In Flap Surgery, skin, along with underlying fat, blood vessels and sometimes muscle, is moved from a healthy part of the body to the injured site. In some flap surgery the blood supply remains attached to one end of the donor site; in others, the blood vessels in the flap are reattached to the new site using micro vascular surgery.

In the case of highly visible facial scars, most that are not hypertrophic can simply be cut out after the initial wound is healed and re-stitched with fine stitches resulting in a finer, smaller scar that fades with time. If the scar lies along natural creases or lines in the face, Z plasty is often employed in the scar revision surgery.

Many physicians follow up these revision techniques with dermabrasion to smooth the skin, especially in the case of Keloids or hypertrophic scars but I have never seen a case where dermabrasion completely removed a scar.


Scar tissue is still skin tissue although it has become scar tissue because the injury has caused the desmosomes to release new cells to surface much faster than the client’s natural new cell proliferation (which is why we must never use cosmetic products claiming to “accelerate new skin cells”!).
Scar tissue, like normal skin can be softened, partially removed and de-pigmented to a large degree. Keep in mind however that the following techniques take times, very much like the time it takes a jeweller to tap away at a rough diamond to bring out a clean face that will give the diamond it’s sparkle.


This is one of the main reasons to purchase a microdermbrador. Over time, continuous treatments do result in a planing down of hypertrophic scar tissue. But this is only opening the door to further treatment. Microdermabradors are very limited as to their use and are not considered: stand alone” treatment devices. The skin tissue under a scar many times needs to be re-built. Machines cannot do this, only the proper chemistry can!


There is a new craze out that claims that certain wave lengths of light can not only remove signs of ageing but can also remove scars. The information included in advertising this craze is full of pseudo-scientific terminology and impressive graphics, but everything is anecdotal with no real research or data available that makes sense.

One could argue that laser skin revision (laser also being a form of light) can assist in scar revision but that is medical and still in the clinical trials stage to be depended upon 100% of the time (but looks very promising).


The incredible repolarising powers of pulsing electromagnetic waves can be programmed like a computer for very quick post surgical wound healing. This can be performed by a therapist immediately after the physician has completed scar revision procedures. Better yet, electromagnetic waves appear to regulate normal cell proliferation which is vital to keloid revision. I have seen unbelievable examples of what this approach to harnessing one of the four forces of nature can do if presented correctly to the tissues of the body.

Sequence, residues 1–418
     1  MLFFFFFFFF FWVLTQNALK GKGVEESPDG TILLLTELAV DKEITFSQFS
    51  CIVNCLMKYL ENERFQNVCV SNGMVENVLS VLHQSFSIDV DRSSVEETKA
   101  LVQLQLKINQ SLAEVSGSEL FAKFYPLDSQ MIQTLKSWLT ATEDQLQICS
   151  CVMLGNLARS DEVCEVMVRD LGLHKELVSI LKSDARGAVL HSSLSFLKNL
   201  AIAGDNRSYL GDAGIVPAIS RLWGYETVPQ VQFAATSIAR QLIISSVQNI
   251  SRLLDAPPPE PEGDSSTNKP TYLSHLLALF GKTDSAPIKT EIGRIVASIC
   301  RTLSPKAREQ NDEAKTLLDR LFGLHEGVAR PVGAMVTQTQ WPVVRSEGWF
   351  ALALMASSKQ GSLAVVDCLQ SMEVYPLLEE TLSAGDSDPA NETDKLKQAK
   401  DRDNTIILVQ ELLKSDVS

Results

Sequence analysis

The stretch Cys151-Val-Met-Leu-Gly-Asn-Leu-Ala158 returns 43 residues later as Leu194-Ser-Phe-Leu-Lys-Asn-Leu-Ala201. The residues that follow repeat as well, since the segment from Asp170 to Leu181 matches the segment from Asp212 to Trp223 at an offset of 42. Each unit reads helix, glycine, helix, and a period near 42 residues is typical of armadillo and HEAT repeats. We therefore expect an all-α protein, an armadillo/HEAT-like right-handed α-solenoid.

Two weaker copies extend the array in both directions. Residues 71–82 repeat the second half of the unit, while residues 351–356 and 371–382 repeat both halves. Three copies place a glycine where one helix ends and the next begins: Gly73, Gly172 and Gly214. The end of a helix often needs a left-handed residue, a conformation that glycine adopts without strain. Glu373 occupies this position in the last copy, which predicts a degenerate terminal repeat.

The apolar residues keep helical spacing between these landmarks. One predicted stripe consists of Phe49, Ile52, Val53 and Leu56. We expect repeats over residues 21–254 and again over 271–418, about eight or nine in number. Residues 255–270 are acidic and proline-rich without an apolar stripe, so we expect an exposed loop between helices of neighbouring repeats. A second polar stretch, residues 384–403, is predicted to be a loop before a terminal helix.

There are water soluble compounds available that raise the pH of the skin to around 12 on the pH scale. Alkalizing the skin correctly softens the tissue via cell desquamation, many times creating a mild irritation that forms a light scab. When the scab falls off, the scar appears flatter.


Scars on aging skin tend to look deeper or more predominant as the skin loosens with age, Particularly in the case of “ice pick” acne scars. Tightening the skin with enzyme treatments gives a temporary but progressive “lift” to the tissues which also smoothes out the appearance of scars as the skin becomes firmer. This would be like smoothing out wrinkles on a bed spread by pulling the corners tight.


There are some oils on the market from both the marine world and the botanical world that actually soften and flatten scars and reduce dark pigmentation. No one is really 100% sure why these types of oils work (I have my theories of course) but many wonderful results have been observed over the years, principally with the Rosa Mesquita Oil from Chile and many of it’s cousins.

These oils have to be applied at least three times a day directly on the scar tissue and they must be fractionated enough to enter the tissues.

Most of the work I have personally been involved with the past few decades regarding scar revision have involved all of the above methods, often used in tandem on each client. The main thing the therapist must remember with scar revision treatments is PATIENCE.

Skin can be mouldable like living plastic, it can be made to respond with chemistry, electromagnetic therapy and surgery. But commitment from the client that scar revision may be a long term project plus patience from the therapist to follow through are the two most essential components for success.

Written By Danné Montague-King